Changeling’s Return by Travis Pike

Changelings were believed to be trolls or fairy children left in place of stolen human babies. Morgen, an adopted foundling reared in Boston, Massachusetts, now in his mid-twenties, is the charismatic lead singer and songwriter for Beantown Home Cookin,’ a showband featuring a troupe of lovely, playful and sexy singer-dancers, embodying the ancient deities that preserved history, science, and inspired the creative arts, calling themselves, in light of their diminished influence in the modern world, the Trashbabies, contribute mightily to the band’s growing popularity. After the sensational live BBC broadcast of their May Eve concert from a ruined abbey in England, Morgen skips its wrap party for the international press to test drive a rented sports car. A squall causes him to skid into a ditch and daybreak finds him seeking help in Morningstone, an isolated village where it seems the storm wiped out all communication with the outside world.

In the village pub, Morgen sits quietly, not wishing to interrupt a filmed presentation of local folklore, after which he hears one teenage girl argue that Fates, Muses, and Furies represent the denigration of the Goddess, reducing her to a bevy of bickering departmental nymphs, and another challenge that argument, suggesting that fragmentation of the Goddess is a device of exposition, used to reveal a crisis through confrontation between various aspects of her character. Morgen quietly and politely follows the conversation until, exhausted by a sleepless night flight from Boston to London, his high-energy televised rock concert, and thereafter, a long night of exposure to the elements, passes out on the floor.

The phone lines are down, and the local pub is booked solid because of the impending May Day celebrations.  Laura, the attractive lady lecturer (who was the featured singer in the movie), arranges to take Morgen to an ancient cottage where he may rest until such time as help can be summoned. Her conveyance is a pony cart, decorated for the May Day celebrations, and as they trot off on their way, Laura points out salient features of the countryside, but Morgen only hears her voice singing an obbligato line “The Likes of You,” a song that comes to him at the moment, in which both, neither singing aloud, sing together in silence.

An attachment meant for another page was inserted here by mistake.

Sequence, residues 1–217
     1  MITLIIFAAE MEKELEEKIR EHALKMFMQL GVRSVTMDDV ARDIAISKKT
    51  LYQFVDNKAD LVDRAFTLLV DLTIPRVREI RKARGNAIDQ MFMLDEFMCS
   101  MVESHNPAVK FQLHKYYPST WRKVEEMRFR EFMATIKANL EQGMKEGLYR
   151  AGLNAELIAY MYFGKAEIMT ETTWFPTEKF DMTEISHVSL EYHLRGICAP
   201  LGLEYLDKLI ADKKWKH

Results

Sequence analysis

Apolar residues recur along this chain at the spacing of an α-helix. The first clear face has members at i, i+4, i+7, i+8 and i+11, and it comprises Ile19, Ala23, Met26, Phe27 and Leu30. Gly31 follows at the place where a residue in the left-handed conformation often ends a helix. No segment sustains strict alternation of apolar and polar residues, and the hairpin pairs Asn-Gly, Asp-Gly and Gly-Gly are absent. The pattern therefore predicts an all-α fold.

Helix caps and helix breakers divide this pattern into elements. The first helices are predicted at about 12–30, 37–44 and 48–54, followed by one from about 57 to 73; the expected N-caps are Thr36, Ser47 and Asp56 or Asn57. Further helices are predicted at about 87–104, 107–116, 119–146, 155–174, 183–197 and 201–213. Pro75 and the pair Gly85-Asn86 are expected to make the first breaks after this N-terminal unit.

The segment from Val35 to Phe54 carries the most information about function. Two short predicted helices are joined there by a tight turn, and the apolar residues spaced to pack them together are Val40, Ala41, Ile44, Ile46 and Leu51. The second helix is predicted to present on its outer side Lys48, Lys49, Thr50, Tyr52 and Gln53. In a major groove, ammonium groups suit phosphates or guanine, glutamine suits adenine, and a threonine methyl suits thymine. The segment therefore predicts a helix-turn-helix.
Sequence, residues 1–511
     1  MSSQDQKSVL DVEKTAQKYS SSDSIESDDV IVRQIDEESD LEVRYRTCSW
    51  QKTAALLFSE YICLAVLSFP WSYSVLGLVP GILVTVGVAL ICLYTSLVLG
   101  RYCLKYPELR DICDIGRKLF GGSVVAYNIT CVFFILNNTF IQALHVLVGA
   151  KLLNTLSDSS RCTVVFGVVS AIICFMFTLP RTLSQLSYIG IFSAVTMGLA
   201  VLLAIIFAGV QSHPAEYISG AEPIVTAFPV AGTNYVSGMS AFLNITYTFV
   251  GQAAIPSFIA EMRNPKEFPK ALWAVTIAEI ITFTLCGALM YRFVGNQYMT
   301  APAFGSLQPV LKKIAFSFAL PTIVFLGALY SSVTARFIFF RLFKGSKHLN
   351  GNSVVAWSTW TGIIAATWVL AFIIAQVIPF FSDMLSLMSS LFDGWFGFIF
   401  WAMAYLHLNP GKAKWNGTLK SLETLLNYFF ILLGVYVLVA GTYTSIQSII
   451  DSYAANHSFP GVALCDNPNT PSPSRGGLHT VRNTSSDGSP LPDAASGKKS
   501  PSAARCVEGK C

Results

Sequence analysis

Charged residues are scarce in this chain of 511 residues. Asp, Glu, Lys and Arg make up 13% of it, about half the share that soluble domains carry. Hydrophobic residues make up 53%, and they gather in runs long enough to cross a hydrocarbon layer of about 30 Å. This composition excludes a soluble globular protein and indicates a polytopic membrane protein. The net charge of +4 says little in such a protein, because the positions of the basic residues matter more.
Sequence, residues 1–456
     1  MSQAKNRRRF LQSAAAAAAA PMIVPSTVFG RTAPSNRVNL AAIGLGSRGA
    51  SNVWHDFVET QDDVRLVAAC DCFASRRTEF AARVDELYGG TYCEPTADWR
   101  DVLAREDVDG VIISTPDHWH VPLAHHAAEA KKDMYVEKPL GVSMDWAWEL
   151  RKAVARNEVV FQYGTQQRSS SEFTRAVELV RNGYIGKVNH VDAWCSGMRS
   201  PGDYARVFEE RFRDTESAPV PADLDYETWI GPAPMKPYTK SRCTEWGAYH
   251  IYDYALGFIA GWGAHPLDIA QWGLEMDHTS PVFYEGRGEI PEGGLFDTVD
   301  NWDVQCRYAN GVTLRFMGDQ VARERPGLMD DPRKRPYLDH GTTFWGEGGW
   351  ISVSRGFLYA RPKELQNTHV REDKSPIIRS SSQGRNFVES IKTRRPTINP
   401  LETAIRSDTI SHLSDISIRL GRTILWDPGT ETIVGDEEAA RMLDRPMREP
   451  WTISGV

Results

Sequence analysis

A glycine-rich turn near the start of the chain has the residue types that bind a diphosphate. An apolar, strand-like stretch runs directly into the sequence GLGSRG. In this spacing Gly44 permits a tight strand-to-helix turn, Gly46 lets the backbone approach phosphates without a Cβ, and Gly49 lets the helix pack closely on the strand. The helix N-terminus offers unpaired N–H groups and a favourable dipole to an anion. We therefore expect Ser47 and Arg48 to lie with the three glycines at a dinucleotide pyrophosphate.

Small wonder then that when Morgen meets Fiona, the wise lady at the cottage who has been prepping it for his arrival, she tells him that song and chant used to mean the same thing, and Morgen, an increasingly popular singer and songwriter, is an enchanter by definition.  His songs are spells that once heard, will return, going round and round in one’s head, even when there is no music to hear.

By now, music and story, Changeling’s Return has crossed into a realm of metaphysical real estate where, within the Tomb of Every Hope, Morgen is destined to represent humanity on trial for crimes against Nature, where Muses seek to wean him from his folly, where Furies seek his death by fire, ice, or finally, a plague specific to his race, that other creatures spare whose lives are lived obediently to Nature’s Law. When the Fates withdraw to ponder his destiny,

When Morgen awakens in our “real world,” is he human, recognizing humanity’s dependence and obligation to nature for its survival, or a changeling reared by humans, reawakened to his supernatural origins, and if the latter, what impact will Changeling’s Return have on humanity? The lyrics to the final song offer one answer. “Dog, Roebuck, and Lapwing, your nonsense song makes my ears ring. Between the lines, I hear you sing. Dog, Roebuck, and Lapwing.”


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